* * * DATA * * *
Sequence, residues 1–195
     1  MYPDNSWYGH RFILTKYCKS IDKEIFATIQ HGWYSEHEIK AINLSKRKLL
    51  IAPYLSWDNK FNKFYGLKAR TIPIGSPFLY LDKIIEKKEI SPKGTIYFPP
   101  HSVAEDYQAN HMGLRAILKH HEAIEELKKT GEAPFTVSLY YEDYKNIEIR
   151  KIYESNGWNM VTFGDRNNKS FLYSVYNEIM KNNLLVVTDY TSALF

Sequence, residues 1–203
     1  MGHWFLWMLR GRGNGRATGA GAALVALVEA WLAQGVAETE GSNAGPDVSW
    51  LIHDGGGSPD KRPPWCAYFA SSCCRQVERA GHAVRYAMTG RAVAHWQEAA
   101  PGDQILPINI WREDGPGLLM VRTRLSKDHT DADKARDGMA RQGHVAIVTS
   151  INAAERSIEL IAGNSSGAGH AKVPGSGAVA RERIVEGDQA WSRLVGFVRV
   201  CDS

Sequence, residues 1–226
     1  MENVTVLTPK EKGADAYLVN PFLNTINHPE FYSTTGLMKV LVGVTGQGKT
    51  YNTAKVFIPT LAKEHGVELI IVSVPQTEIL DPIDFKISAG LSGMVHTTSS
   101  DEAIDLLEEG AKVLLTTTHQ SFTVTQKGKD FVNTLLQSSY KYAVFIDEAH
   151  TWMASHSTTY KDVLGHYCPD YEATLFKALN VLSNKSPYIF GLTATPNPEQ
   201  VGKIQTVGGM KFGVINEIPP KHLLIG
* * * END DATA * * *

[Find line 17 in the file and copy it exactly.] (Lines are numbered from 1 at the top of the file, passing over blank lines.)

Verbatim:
   201  VGKIQTVGGM KFGVINEIPP KHLLIG